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Feedback Friday: CEO Daily, Friday 25th August

August 25, 2017, 11:04 AM UTC

Good morning.

It’s feedback Friday.

Several readers took issue with my preemptive praise yesterday for the “gang of six”—Cohn, Mnuchin, McConnell, Ryan, Hatch, Brady—who are quietly crafting a tax reform plan in spite of the public storm surrounding the President.

R.M. said that, without the benefit of specifics, it appears the plan will be “good only for business and bad for the average American.” He argues investments in education and R&D would do more to create high-paying jobs than a tax break for business.

T.C. makes a similar point. “I don’t think the nation will be grateful if the gang of six succeeds. Maybe Republicans will be? Maybe the 1%ers?”

But B.B. agreed with the spirit of my comment, noting that “one of the key elements during the financial crisis was the willingness of Presidents Bush and Obama to stand to the side and let the grown-ups manage the efforts. Without the efforts of Bernanke, Paulson and Geithner, it could have been much worse … If only this President could comprehend.”

Meanwhile, President Trump is reportedly planning a trip to Missouri next week to campaign for tax reform. The state is home to Sen. Claire McCaskill, a Democrat who faces a tough reelection fight next year and has called for a bipartisan approach to tax reform. The move suggests the White House still thinks it may pick up some Democratic support for the tax effort.

Enjoy the weekend. News below, including the latest on the meltdown of Sears. How long can this long, slow death dance last?

Alan Murray

Top News

Sears' Struggles Continue

Some of Sears Holdings' vendors and insurance brokers tell Reuters that the struggling department store operators is having trouble stocking its shelves, as some vendors are either abandoning stores or asking for more favorable terms due to insurance issues. The cost of vendors' insurance—which ensures suppliers can still be paid for their inventory even if the retailer files for bankruptcy—have jumped since March, when Sears admitted "substantial doubt" of its own survival. The retailer also said on Thursday that it is closing another 28 Kmart stores as sales continue to plummet. Reuters

Former Samsung Head Gets Five-Year Sentence

Jay Y. Lee, the billionaire scion of South Korea's Samsung Group, received a five-year prison sentence at the conclusion of a six-month trial over the bribery scandal that led to the downfall of former president Park Geun-hye. Lee had been arrested in February and charged with bribing Park in exchange for support as Lee tried to consolidate control of the conglomerate founded by his family. In addition to bribery, a Seoul court also found Lee guilty of hiding assets overseas, embezzlement, and perjury. Reuters

Amazon Is Slashing Whole Foods' Prices

Only two months after the e-commerce giant announced its $13.7 billion acquisition of Whole Foods Market, Amazon said on Thursday it will immediately lower the prices for some of the luxury chain's best-selling basic items. Also, eventually, Amazon plans to make its Amazon Prime membership the default loyalty program for Whole Foods, which could boost Prime's membership as shoppers seek special deals and other perks at the store that is often jokingly referred to as "Whole Paycheck." Fortune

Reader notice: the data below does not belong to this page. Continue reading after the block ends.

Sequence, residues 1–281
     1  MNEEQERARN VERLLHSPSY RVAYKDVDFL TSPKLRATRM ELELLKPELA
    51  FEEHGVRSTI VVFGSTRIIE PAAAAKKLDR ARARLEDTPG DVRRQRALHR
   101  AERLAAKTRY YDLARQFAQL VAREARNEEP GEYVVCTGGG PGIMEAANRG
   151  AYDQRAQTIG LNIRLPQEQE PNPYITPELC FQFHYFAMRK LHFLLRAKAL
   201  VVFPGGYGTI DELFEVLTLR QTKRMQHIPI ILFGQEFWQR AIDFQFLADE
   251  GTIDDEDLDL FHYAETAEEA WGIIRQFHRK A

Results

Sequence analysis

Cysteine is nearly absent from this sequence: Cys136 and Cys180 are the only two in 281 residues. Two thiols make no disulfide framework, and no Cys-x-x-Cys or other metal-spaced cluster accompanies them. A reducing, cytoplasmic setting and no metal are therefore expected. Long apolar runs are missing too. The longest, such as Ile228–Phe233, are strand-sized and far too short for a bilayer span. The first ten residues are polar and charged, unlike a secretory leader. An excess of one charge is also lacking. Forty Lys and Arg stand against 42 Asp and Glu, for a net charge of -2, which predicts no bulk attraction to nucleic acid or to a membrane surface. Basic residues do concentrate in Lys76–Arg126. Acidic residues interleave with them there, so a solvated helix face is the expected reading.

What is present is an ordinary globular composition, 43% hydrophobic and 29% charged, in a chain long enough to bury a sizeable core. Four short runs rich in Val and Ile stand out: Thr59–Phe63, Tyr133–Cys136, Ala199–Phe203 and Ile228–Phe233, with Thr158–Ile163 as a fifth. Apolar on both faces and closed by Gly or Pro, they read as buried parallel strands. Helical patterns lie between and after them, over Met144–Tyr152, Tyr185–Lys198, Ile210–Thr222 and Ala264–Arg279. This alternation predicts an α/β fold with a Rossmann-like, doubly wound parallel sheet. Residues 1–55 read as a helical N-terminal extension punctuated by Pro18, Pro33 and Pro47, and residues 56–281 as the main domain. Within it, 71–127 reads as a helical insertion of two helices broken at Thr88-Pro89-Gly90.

GM's Barra Joins Disney Board Amid Search for Iger's Successor

Disney announced the appointment of General Motors CEO Mary Barra to the entertainment giant's board of directors. Barra joins other prominent female executives on Disney's board—including Facebook COO Sheryl Sandberg and The Carlyle Group's Susan Arnold—at a time when the company's directors are busy searching for an heir apparent to CEO Bob Iger, who is set to retire in July 2019. Bloomberg


Around the Water Cooler

HP and Deloitte Team Up for 3D Printing Push

HP Inc. and Deloitte said they will work jointly to offer companies 3D printing and manufacturing services. While HP is the world's largest manufacturer of printers, the company is a relative newcomer to 3D printing—it started selling them in December—and HP CEO Dion Wiesler thinks the company can win a big share of the $12 trillion manufacturing market. Fortune

Obamacare Will Be Available Everywhere in 2018

Ohio's regional CareSource insurer agreed to offer plans in that state's Paulding County next year, which means what was the final U.S. county without an Obamacare insurer will have access to individual health plan options in 2018 should any of those residents need them. The news puts a temporary end to the Affordable Care Act's "bare" counties problem, which popped up after Anthem and other major insurers pulled out of Obamacare due to a variety of concerns, including President Trump's threats to cut off payments to insurers. Fortune

Can Amazon Really Kill the 'Whole Paycheck' Reputation?

Fortune's Beth Kowitt writes that Whole Foods CEO John Mackey is not a big fan of the luxury grocer's "Whole Paycheck" moniker. It's been a hard reputation to shake, even with Mackey working to cut costs for customers, most notably with the store's 365 private label. But, the mere association with Amazon is likely to change the perception of Whole Foods' prices in many customers' minds, especially with the company's more competitively-priced 365 brand being offered online for the first time ever. Fortune


Summaries by Tom Huddleston Jr.